Costimulatory signals lower the threshold for T cell activation, and tune the immune response, driving T cells towards distinct effector lineages and establishing the balance between immunity and tolerance. Because of their central role in shaping the immune response, and because of the conserved nature of costimulatory receptor-ligand interactions, costimulatory molecules are powerful therapeutic targets. Interaction of T cells with pMHC and costimulatory ligands such CD80/86 and ICAM-1 takes place at the immunological synapse. Several pieces of evidence suggest that the DC cytoskeleton plays an important role in modulating signaling events at the immunological synapse, but the molecular basis for this is not understood. We have discovered that while pMHC moves relatively freely on the DC membrane, the DC actin cytoskeleton constrains the mobility of ICAM-1 and CD80, and we have identified two actin-binding proteins, moesin and ?-actinin, that play a key role in this process. We hypothesize that cytoskeletal constraints to mobility of ICAM-1 and CD80 on the DC surface promote costimulatory signaling, by creating tension on receptors and modulating dynamics of signaling microclusters on the T cell side of the synapse. This hypothesis will be tested by carrying out three specific aims. First, we will characterize the interactions of moesin and ?- actinin with basic sequences in the cytoplasmic tails of ICAM-1 and CD80, and test the effects of perturbing these interactions on lateral diffusion of ICAM-1 and CD80. Second, in collaboration with membrane biophysicist Tobias Baumgart, we will use novel mixed mobility surfaces to test the effects of varying ICAM-1 mobility and patterning while maintaining pMHC in a mobile state. Several aspects of the T cell response to these surfaces will be assessed, including specific signaling events, LFA-1 conformational change, and dynamics of the T cell cytoskeleton and associated signaling molecules. Finally, we will engineer DCs in which ICAM-1 mobility is altered, either by perturbing actin-binding proteins or by mutating interacting residue in the ICAM-1 tail, and test the effects on T cell activation and lineage development in vitro. Adoptive transfer experiments will also be performed to test the effects of ICAM-1 mobility on T cell-DC interactions in vivo using intravital imaging. Taken together, these studies will test an unexplored aspect of costimulatory signaling, and will provide important new insights into how the DC actin cytoskeleton modulates the immune response. This information will guide clinical efforts to manipulate DC function in vaccine development, transplantation medicine and treatment of allergy and autoimmune disease.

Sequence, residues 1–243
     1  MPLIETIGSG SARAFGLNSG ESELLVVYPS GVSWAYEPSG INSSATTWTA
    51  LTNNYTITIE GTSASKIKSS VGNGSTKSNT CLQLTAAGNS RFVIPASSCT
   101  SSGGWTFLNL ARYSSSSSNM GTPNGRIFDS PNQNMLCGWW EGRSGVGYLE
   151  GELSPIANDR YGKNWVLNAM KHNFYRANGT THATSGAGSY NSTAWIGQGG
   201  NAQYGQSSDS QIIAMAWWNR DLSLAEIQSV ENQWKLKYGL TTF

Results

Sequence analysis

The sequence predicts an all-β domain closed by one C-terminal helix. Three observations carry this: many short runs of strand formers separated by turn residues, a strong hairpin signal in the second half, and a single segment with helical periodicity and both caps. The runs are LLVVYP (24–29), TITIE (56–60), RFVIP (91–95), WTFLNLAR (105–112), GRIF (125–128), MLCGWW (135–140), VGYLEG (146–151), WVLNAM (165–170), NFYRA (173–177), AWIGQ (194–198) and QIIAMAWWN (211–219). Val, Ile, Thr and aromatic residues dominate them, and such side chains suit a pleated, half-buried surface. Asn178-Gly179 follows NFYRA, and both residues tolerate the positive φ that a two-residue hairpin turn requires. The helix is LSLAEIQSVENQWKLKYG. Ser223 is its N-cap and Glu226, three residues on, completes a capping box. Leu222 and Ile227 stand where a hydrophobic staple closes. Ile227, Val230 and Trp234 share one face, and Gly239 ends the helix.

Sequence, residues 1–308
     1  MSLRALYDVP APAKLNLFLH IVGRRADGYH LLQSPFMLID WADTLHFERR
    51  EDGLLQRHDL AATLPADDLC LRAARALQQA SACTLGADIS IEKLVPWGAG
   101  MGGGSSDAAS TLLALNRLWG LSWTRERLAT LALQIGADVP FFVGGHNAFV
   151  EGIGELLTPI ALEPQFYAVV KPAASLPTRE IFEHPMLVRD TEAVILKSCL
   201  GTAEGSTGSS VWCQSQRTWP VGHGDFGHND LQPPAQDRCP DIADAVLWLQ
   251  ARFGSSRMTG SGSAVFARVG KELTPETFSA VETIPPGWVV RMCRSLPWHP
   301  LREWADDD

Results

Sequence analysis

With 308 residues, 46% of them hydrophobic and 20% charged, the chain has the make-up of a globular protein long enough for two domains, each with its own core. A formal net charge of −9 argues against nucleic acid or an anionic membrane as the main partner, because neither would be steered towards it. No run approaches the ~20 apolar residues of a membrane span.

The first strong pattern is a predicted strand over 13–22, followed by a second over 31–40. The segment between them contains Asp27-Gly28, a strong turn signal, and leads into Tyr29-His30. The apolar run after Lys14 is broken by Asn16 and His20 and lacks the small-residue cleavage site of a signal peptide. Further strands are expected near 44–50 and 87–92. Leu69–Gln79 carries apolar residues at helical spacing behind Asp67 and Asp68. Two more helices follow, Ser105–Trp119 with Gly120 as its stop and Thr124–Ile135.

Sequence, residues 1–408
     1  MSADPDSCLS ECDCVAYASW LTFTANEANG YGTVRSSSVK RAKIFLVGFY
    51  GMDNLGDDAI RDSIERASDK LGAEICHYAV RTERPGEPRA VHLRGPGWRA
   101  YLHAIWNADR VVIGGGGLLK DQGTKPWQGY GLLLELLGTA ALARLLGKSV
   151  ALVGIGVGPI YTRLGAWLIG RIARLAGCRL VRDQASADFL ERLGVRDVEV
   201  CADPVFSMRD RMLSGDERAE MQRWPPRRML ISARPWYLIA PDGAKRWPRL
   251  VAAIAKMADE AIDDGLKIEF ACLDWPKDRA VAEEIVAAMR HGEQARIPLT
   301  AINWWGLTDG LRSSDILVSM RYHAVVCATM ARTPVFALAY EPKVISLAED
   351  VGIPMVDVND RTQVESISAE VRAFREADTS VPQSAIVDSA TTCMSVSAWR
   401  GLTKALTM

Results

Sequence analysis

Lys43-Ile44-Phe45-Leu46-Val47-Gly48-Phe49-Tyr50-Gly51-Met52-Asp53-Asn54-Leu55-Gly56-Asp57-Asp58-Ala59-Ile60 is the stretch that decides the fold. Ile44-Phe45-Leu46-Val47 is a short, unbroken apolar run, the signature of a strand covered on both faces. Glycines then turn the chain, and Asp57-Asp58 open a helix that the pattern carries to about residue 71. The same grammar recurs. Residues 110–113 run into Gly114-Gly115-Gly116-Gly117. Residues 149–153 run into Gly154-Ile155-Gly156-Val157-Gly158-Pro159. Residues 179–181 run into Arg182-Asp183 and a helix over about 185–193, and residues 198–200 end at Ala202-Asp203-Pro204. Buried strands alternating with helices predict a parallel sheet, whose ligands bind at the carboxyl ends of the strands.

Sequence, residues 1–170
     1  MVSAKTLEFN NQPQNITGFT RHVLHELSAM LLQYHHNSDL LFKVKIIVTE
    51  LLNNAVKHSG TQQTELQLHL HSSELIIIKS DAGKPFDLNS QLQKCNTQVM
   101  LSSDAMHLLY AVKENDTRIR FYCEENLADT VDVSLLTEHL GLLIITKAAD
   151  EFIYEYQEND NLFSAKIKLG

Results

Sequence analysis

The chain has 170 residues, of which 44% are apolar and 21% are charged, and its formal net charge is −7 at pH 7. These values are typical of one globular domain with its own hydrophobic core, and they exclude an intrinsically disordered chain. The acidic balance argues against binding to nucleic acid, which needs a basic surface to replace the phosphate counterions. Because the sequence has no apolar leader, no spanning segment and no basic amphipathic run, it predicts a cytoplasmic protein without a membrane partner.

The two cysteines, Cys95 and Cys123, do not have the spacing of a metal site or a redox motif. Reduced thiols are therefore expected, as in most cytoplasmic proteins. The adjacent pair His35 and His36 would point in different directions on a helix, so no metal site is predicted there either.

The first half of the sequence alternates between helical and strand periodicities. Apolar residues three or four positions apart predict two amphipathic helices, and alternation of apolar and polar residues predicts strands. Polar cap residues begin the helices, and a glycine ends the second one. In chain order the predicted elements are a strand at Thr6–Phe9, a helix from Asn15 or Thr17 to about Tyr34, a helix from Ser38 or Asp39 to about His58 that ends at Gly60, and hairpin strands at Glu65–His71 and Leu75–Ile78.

Activation of T cells by dendritic cells is essential for the initiation of adaptive immunity, and this process is highly dependent on stimulation by costimulatory molecules. This proposal tests an unexplored aspect of this process, the mobility of costimulatory ligands in the DC plasma membrane. The knowledge gained from these studies will be important for the development of effective dendritic cell-based vaccines, and for modulating immune responses in transplant recipients and autoimmune disease patients.